The yule log cake is an ancient tradition, probably pagan, but now associated with the Christmas holiday season.
The Daring Bakers' challenge comprised three main components: a genoise cake, buttercream frosting, and meringue or marzipan mushroom decorations. None of these elements are easy on their own and in combination I have to confess that this recipe was a bit daunting, especially right before Christmas.
I decided to try this recipe with my brother, who is an accomplished cake baker, with assistance from his two little girls ages three and five. We made the cake at my mother's house. That added another layer of complexity because neither of us were cooking in our own kitchen.
We experienced two major yule log disasters: the genoise didn't quite roll up and the buttercream tasted awful! We realized the pound of butter in my mom's fridge was SALTED! (Salted butter is only good melted and for dipping lobster in). So we had to start that over, but that wasn't a bad thing because we decided to make a frosting without butter so lactose intolerant among us could eat it. Neither the genoise nor the mushroom decorations contain dairy.
First I made meringue mushrooms dusted with cocoa powder. They look adorable and exactly like real mushrooms complete with dirt.
The next day we made the genoise. It is made without dairy or a leavener. It relies solely on eggs to make it light. We poured it into a jelly roll pan so it was very thin and only cooked for 10 minutes. When we rolled it up we ran into trouble. The cake didn't quite want to roll up, but we easily remedied that with a liberal use of frosting.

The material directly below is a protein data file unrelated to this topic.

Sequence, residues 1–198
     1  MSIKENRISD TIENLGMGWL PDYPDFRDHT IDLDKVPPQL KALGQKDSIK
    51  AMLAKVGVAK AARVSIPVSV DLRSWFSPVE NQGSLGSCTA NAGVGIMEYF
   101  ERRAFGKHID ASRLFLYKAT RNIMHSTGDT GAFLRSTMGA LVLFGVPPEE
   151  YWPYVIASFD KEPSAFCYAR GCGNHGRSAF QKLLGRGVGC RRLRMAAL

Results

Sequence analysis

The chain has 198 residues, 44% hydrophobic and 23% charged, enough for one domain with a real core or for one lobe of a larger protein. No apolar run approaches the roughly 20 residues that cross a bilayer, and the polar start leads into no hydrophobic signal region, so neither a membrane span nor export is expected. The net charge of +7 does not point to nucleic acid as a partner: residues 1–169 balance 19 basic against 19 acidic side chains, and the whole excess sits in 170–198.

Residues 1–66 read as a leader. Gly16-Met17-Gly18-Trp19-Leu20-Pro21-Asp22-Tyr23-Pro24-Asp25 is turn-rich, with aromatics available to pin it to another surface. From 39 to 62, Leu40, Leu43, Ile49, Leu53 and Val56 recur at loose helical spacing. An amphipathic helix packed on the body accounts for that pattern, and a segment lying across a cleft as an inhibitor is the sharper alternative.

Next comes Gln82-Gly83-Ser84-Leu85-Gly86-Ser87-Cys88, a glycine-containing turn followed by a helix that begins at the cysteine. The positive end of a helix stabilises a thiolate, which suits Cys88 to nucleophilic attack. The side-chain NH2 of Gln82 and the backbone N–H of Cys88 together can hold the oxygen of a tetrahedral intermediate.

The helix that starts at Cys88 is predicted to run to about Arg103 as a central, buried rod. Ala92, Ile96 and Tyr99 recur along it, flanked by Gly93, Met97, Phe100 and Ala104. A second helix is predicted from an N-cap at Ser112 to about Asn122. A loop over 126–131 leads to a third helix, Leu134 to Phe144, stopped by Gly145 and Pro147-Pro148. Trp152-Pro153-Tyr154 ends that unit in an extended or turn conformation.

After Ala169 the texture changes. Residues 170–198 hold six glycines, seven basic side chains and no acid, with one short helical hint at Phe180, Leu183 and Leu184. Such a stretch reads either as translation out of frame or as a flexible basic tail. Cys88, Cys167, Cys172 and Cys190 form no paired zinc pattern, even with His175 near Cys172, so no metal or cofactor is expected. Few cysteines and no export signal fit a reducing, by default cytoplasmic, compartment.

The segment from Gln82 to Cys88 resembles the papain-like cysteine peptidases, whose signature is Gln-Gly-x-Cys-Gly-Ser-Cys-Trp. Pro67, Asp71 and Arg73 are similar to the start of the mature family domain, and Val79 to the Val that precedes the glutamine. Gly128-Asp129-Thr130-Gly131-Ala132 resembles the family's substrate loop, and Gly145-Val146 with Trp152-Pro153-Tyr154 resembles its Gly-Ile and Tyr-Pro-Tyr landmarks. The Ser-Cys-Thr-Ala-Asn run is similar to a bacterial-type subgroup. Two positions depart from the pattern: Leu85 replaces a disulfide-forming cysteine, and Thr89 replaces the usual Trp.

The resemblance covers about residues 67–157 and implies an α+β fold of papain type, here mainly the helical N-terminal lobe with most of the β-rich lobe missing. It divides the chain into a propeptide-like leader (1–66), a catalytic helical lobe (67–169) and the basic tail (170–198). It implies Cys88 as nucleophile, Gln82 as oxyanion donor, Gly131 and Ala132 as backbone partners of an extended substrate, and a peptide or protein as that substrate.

We made the buttercream while the cake was cooking but next time we will make the buttercream before making the cake. It takes longer than 10 minutes to make buttercream. Our first batch of buttercream was an umitigated disaster. We decided to do a non-dairy buttercream for the second batch. It turned out great, though not as great as real buttercream would have been, and it was very easy to spread.
Before rolling up the cake, we drizzled it with sugar water, a treatment for genoise that my brother learned in The Cake Bible. Then frosted the flat cake, rolled it up, and frosted the outside. We used the tines of a fork to give the log a bit of rustic texture. Then we dusted it with powdered sugar for a bit of snow effect and garnished it with the meringue mushrooms. We will eat it on Christmas Eve.
3 large egg whites, at room temperature
¼ teaspoon cream of tartar
½ cup (3-1/2 ounces/105 g.) granulated sugar
1/3 cup (1-1/3 ounces/40 g.) icing sugar
Unsweetened cocoa powder for dusting
1.Preheat the oven to 225 degrees F. Line 2 baking sheets with parchment. Have ready a pastry bag fitted with a small (no. 6) plain tip. In a bowl, using a mixer on medium-low speed, beat together the egg whites and cream of tartar until very foamy. Slowly add the granulated sugar while beating. Increase the speed to high and beat until soft peaks form when the beaters are lifted. Continue until the whites hold stiff, shiny peaks. Sift the icing sugar over the whites and, using a rubber spatula, fold in until well blended.
2.Scoop the mixture into the bag. On one baking sheet, pipe 48 stems, each ½ inch (12 mm.) wide at the base and tapering off to a point at the top, ¾ inch (2 cm.) tall, and spaced about ½ inch (12 mm.) apart. On the other sheet, pipe 48 mounds for the tops, each about 1-1/4 inches (3 cm.) wide and ¾ inch (2 cm.) high, also spaced ½ inch (12 mm.) apart. With a damp fingertip, gently smooth any pointy tips. Dust with cocoa. Reserve the remaining meringue.